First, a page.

While DreamWorks have nailed the sleek, often breathtaking animated visuals that typify Pixar offerings, they still haven’t managed to replicate their emotional depth.
Typical. You wait years for an animated comedy about a super-villain with a conscience, voiced by a well-known comic actor, and then two come along, mere months apart. After Steve Carrell, plus comedy accent, delivered healthy returns for Universal in Despicable Me, Will Ferrell takes on a worryingly similar role in the DreamWorks offering Megamind. If the Teletubbies taught us anything, it’s that kids go gaga for repetition but will the rest of us be so enthusiastic?
Growing up as the outcast, while his classmate Metro Man basks in popularity, Megamind soon finds his place in the world as the bad guy. Spending his days threatening the good people of Metrocity and sparring with his arch childhood rival (now a buff superhero), life is easy for Megamind. But when his plan to kill his nemesis actually works, he’s suddenly thrown into a quandary. What’s a villain to do without a hero to fight?
Toying with the odd existential notion, Megamind proves a somewhat subversive slab of family entertainment. Putting a witty twist on familiar superhero clichés, it’s often reminiscent of Shrek’s playful spin on fairy tales. This means that, as is often the standard now for cartoons, many jokes bypass the kids and go directly to the parents. This is perfectly exemplified in a great Obama-based sight gag and a parody of Marlon Brando’s performance in Superman.
The film also manages to stay mostly unpredictable. Admittedly it does resort to cliché at times (especially in a romantic sub-plot with Tina Fey’s take on Lois Lane) but it does throw up a few curveballs throughout. The downside being that the plotting often seems a bit haphazard and the film eventually feels too long.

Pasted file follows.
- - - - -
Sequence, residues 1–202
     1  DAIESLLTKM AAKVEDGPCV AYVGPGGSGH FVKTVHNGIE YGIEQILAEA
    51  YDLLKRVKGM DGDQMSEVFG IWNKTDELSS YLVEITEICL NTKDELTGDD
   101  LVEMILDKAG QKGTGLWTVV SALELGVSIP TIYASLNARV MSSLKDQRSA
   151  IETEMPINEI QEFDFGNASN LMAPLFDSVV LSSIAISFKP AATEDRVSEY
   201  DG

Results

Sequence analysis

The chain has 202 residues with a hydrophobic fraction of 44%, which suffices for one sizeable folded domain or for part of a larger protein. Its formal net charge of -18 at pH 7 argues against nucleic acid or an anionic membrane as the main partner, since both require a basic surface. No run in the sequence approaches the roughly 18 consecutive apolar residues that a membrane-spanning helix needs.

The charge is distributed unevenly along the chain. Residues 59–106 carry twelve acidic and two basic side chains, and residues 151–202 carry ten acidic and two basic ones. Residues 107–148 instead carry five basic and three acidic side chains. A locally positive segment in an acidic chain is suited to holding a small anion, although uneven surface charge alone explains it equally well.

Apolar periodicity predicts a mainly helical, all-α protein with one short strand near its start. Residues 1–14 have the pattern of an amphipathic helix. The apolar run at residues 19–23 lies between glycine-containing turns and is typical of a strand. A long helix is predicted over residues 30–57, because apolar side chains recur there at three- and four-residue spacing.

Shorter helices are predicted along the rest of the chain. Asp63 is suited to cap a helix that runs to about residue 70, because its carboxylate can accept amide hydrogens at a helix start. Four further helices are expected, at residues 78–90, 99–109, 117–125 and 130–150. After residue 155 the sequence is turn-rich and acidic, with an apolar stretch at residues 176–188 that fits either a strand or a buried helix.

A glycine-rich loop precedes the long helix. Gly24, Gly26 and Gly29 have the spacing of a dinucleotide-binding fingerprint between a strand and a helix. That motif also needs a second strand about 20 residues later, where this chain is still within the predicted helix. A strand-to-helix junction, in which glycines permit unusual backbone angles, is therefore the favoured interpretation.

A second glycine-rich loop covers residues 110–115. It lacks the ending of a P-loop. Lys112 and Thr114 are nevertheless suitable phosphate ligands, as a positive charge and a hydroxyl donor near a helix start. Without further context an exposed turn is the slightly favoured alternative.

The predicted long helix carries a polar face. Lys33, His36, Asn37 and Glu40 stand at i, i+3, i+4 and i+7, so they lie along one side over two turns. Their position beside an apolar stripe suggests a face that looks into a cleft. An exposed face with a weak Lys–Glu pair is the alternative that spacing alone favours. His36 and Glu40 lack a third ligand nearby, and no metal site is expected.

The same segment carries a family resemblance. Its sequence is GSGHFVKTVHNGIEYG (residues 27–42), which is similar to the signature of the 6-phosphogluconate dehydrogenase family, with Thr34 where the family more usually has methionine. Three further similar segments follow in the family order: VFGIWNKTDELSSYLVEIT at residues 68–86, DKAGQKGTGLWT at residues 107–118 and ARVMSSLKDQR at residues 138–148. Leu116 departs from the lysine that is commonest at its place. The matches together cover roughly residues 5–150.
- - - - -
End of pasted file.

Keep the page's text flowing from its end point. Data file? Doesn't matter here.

Will Ferrell manages to play against type (type being grating and OTT) and together with sterling work from Fey, Jonah Hill, Brad Pitt and a wonderful David Cross, the voice cast help to solidify Megamind’s status as a great comedy, rather than just a great animated comedy. The use of 3D is also a surprising bonus. Lately it’s become an inescapable and unnecessary addition to most films but Megamind uses it well, through some impressive aerial shots and the odd ‘OMFG it’s coming right at me’ moments.
While DreamWorks have nailed the sleek, often breathtaking animated visuals that typify Pixar offerings, they still haven’t managed to replicate their emotional depth. There are a handful of attempts in Megamind to tease the heartstrings but they fail to resonate. This leaves us with a funny and charming comedy but one which probably won’t stay with you for very long.
Another animated film. In 3D. With Will Ferrell. Life’s too short for this.
Surprisingly sharp and adult-centric. Excellent use of 3D too.
A fun ride but just that.